Older women with memory problems are at increased risk for restless nights, say U.S. researchers who suggest cognitive decline may increase the chance of sleep problems.
Previous studies have found an association between sleep disturbances and poor cognitive function, but the latest research — to be published in Tuesday's edition of Neurology — raises the possibility that cognitive decline may increase the risk of sleep problems rather than vice versa, said lead author Dr. Kristine Yaffe.
"This study does not mean that an individual with cognitive problems will necessarily develop sleep trouble, but that these elders are at a higher risk of sleep disorders," Yaffe, of the University of California (San Francisco),said in a release on Monday.
"For women who declined on either cognitive test, they were nearly twice as likely to have difficulty staying asleep and one-and-half times as likely to have problems falling asleep and being awake for more than 90 minutes during their sleep cycle.
"Women who declined on one of the tests were also nearly twice as likely to nap more than two hours a day."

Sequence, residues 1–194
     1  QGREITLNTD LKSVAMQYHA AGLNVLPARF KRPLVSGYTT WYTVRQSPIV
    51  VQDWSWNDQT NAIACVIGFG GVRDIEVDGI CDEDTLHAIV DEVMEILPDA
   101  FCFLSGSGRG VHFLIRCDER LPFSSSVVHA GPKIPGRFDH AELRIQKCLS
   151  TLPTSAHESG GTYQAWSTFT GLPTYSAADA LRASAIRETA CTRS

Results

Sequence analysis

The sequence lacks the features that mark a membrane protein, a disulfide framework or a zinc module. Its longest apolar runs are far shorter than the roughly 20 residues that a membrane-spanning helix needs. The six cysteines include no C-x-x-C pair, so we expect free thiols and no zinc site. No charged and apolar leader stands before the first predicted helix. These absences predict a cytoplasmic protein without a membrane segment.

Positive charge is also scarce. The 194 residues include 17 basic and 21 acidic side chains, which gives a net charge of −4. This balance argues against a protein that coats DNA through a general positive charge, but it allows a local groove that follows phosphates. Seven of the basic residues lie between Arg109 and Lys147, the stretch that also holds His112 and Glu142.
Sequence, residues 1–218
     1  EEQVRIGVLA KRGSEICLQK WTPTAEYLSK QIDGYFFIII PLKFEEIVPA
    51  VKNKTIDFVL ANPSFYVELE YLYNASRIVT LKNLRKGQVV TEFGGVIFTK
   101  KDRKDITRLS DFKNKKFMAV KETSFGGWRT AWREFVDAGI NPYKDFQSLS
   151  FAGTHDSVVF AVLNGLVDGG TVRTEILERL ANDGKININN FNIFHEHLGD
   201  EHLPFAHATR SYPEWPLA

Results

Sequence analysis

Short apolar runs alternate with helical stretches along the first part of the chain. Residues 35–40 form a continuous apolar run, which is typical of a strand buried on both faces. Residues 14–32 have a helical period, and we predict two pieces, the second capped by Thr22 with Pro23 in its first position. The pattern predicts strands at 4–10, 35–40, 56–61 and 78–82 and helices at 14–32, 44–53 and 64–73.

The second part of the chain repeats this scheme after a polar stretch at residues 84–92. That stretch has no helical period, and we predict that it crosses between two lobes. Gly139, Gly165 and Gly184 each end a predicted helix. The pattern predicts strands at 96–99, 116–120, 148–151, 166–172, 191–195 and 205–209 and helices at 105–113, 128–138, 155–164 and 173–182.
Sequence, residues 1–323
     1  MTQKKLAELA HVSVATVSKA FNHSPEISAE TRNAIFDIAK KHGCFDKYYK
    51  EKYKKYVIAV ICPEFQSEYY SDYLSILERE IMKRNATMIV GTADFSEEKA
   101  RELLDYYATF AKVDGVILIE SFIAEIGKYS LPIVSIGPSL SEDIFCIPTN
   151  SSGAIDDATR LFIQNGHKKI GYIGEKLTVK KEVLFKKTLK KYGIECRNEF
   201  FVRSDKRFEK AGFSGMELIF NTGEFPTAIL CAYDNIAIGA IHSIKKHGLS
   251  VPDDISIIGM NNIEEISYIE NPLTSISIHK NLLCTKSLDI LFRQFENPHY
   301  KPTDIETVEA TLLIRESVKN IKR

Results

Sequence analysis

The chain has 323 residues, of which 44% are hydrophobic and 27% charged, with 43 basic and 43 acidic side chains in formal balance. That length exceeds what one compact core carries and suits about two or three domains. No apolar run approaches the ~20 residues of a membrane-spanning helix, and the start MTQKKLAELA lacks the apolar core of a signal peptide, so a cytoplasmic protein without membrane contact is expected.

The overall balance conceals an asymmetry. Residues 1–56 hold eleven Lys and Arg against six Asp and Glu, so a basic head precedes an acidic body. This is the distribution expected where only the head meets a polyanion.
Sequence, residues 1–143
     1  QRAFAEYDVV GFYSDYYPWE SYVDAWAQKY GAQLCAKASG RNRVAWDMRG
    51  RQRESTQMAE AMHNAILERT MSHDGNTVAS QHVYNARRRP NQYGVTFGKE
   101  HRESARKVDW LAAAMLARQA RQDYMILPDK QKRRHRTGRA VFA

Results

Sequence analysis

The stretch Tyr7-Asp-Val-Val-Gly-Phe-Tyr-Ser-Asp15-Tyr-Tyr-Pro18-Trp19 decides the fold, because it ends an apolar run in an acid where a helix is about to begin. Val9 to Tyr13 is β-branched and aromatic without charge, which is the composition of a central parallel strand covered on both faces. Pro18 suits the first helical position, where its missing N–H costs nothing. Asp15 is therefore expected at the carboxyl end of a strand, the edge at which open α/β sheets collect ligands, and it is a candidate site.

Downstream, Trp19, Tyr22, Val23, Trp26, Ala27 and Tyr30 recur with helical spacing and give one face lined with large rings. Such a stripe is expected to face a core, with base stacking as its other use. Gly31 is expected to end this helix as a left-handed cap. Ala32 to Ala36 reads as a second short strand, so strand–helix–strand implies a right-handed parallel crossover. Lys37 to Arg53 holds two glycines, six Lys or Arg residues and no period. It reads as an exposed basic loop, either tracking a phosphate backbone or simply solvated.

In the study, 2,474 women with an average age of 69 and no signs of memory problems underwent cognitive tests over the course of 15 years.
The researchers found the nearly 25 per cent of women who experienced cognitive decline were twice as likely as women without memory problems to suffer sleep disturbances.
The women's cognitive health was measured at regular intervals over the course of the study using two standard tests.
Sleep problems were measured at the end of the study. The women were fitted with an actigraph, a small device worn on the wrist that measures movement and is known from previous studies to be accurate in differentiating sleep from wakefulness.
The study found cognitive decline was not associated with total sleep time, but with the quality of sleep.
Yaffe suggests the most likely reason for the link between memory loss and sleep disturbances was that they share a common underlying cause, such as brain changes associated with Alzheimer's disease or other dementias.
Another reason could be that women with memory problems may also be anxious about their condition, which could affect their sleep, said Yaffe.
Yaffe and her colleagues plan to continue tracking sleep patterns and cognitive health over time among women of the same age group.
"Hopefully, we'll be able to tell if cognitive changes lead to sleep disturbances, or if the reverse is true, or if they have a common independent cause," she said.